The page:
Urban In-Fill and Land Use Patterns
It’s often said that the three most important factors in real estate investing are “location, location, location.” Multi-family housing is subject to this truism in special ways. We’ll explore here the phenomenon of urban in-fill and some ways in which larger cities tend to grow.
How cities develop – and where demand for new development is most likely to occur – is a key part of analyzing a property’s prospects. Investors able to identify a pattern in how that growth unfolds will have discovered one of the keys to successful real estate investing. A major factor in that development is the important factor of accessibility, i.e. transportation routes.
Many cities have historically grown along highways that radiate out from the city, like spokes on a wheel. The focus is the central business district; as the area grows, homes and businesses are sited along the transportation routes that permit easy access to the center. While these “spokes” lead the way, the general growth pattern of cities is more complicated, and is often referred to as “concentric growth,” or the “ring pattern.” This refers to closer-in circles around the business district being filled in first, with outlying areas eventually becoming more populated as well. Many cities thus develop somewhat of a “star” pattern, with the spokes leading the way and the circles gradually filling in with development.
At some point, however, further radial expansion becomes of less value, simply because the transportation time and cost to the city center begins to become discouraging. Cities must then continue to develop their infrastructure internally, in order to keep up with the increased population. Not only does this internal development often serve market demand – witness the increasing number of “urban lofts” – but higher densities can also reduce per-capita infrastructure costs.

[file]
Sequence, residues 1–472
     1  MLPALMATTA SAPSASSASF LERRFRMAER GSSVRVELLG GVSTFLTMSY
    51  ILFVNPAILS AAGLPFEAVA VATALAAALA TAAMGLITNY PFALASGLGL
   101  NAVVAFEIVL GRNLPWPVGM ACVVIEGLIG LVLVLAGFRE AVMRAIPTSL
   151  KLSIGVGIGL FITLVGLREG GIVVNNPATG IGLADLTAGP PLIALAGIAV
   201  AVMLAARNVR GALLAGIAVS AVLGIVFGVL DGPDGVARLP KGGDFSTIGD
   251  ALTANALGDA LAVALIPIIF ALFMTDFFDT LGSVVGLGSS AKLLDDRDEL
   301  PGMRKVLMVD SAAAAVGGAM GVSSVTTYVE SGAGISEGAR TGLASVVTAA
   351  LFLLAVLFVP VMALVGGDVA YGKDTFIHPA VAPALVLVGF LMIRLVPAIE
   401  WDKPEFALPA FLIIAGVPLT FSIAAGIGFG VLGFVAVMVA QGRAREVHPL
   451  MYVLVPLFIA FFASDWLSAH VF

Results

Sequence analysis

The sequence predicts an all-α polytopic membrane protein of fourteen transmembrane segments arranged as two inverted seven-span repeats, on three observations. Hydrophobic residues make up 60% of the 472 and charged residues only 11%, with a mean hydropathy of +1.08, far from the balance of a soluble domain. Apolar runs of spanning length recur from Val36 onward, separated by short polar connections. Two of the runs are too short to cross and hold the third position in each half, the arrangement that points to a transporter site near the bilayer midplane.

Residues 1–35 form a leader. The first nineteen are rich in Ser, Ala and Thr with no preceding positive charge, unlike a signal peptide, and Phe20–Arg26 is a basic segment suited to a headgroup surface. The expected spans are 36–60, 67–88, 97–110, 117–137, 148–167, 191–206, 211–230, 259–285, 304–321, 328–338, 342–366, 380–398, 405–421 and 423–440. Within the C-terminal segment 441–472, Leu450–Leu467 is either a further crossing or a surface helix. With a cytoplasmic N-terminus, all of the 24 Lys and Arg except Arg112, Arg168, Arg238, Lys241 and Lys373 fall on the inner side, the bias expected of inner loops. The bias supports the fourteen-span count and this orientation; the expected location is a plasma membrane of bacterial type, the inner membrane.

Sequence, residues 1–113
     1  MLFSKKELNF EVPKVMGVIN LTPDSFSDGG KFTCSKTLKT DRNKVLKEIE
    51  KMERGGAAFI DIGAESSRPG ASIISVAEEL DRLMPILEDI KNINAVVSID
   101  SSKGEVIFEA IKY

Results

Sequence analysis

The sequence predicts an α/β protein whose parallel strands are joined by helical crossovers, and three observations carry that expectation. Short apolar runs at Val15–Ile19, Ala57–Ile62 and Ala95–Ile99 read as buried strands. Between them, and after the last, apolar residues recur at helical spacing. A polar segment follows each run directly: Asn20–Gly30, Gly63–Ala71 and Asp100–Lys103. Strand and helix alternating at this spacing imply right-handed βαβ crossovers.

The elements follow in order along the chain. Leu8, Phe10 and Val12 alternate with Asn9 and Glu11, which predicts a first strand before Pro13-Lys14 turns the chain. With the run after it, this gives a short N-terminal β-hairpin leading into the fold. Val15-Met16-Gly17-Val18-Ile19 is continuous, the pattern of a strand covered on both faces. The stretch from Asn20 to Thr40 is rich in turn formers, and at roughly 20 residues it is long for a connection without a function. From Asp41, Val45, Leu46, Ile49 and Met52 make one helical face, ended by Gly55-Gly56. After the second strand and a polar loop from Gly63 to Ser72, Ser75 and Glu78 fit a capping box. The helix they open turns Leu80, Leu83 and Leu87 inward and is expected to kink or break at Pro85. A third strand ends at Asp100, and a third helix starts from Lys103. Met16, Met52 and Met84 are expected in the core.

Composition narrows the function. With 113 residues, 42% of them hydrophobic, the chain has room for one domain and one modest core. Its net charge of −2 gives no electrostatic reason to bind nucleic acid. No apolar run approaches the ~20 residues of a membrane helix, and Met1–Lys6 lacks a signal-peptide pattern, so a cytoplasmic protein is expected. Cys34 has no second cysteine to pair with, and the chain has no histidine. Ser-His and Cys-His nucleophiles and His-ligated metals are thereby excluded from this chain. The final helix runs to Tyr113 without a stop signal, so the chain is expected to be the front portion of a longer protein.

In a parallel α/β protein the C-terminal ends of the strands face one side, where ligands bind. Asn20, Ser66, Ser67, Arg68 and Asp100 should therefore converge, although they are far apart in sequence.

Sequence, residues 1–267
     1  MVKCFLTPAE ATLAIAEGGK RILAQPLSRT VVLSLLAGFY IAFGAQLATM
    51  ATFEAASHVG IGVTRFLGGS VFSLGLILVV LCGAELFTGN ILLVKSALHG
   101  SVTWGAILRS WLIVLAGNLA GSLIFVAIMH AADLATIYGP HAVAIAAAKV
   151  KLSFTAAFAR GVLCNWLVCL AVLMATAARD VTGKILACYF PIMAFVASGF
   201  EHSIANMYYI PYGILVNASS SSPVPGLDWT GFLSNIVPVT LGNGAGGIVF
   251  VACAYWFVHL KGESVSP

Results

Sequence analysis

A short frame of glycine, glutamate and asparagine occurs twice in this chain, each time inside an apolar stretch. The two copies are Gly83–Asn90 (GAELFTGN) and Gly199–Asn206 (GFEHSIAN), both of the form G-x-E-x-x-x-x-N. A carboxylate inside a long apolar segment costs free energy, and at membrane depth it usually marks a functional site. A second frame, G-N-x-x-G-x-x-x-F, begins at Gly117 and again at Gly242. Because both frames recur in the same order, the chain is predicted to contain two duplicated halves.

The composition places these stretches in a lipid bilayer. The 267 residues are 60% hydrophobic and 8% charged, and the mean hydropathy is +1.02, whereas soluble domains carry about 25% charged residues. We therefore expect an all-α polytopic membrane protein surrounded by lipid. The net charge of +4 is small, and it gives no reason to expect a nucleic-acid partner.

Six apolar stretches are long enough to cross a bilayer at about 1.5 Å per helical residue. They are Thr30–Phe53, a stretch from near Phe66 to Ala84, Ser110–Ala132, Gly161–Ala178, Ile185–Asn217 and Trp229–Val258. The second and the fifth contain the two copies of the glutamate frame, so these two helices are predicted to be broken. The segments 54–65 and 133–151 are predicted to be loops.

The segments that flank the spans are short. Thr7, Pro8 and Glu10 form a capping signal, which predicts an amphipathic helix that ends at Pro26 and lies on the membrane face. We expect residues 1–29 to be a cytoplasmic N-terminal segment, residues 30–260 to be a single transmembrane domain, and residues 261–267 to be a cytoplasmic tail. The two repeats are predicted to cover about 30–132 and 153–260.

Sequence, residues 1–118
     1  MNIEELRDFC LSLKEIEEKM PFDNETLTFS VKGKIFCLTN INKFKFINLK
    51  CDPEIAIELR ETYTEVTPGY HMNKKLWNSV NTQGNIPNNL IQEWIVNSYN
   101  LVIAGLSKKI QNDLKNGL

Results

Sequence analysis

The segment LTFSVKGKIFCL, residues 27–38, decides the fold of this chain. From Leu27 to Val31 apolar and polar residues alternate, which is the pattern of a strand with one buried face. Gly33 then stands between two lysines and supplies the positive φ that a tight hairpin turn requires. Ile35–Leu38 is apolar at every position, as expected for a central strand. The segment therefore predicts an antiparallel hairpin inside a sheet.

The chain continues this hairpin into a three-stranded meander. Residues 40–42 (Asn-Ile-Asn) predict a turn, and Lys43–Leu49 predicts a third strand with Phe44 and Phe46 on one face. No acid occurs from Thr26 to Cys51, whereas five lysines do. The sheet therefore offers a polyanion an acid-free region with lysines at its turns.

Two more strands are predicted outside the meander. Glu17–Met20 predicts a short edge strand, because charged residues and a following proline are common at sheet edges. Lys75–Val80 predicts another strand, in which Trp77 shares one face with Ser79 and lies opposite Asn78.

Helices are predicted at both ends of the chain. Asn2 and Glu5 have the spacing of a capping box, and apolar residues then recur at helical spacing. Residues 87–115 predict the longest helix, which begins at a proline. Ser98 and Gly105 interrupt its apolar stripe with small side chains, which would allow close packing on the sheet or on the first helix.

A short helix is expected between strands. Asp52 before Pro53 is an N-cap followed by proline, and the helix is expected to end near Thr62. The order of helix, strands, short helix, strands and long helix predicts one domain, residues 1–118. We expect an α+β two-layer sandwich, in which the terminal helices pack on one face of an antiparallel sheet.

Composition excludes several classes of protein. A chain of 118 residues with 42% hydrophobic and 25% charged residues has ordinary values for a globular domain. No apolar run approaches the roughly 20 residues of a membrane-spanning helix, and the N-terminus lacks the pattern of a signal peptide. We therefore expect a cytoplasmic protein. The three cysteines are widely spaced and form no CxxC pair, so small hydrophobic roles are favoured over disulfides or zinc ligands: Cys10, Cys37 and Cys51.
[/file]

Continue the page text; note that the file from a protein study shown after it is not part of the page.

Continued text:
Good city planning thus uses transit-oriented development, which attempts to place higher densities of jobs or residents near high-volume transportation. Some cities might even use zoning to require that multi-story apartment buildings and commercial areas be within a certain proximity of train stations or multi-lane boulevards. When a city reaches a certain density, trains or light rail systems become increasingly viable. New York, Chicago, Philadelphia, Boston, and San Francisco all have well developed commuter train systems, and Los Angeles and other cities are increasingly spending significant resources on commuter train lines in order to limit congestion on over-utilized highways.
These transportation developments can then act to spur gentrification in what might have formerly been lower-income areas. As workers become better linked to employment centers, the new transportation routes can encourage investment in areas that had previously suffered neglect and economic depression. As transportation costs diminish, household income becomes available to be spent on more consumer goods, spawning growth in retail sectors as well.
Access to transportation remains a key factor in evaluating real estate development, and within larger cities the construction of train or light-rail lines are becoming increasingly important in providing access to downtown areas or other employment centers. In city areas slated to become the beneficiaries of such new means of transportation, real estate investors often see opportunities, particularly in the multi-family sector, as demand for housing near such transportation routes is often likely to increase.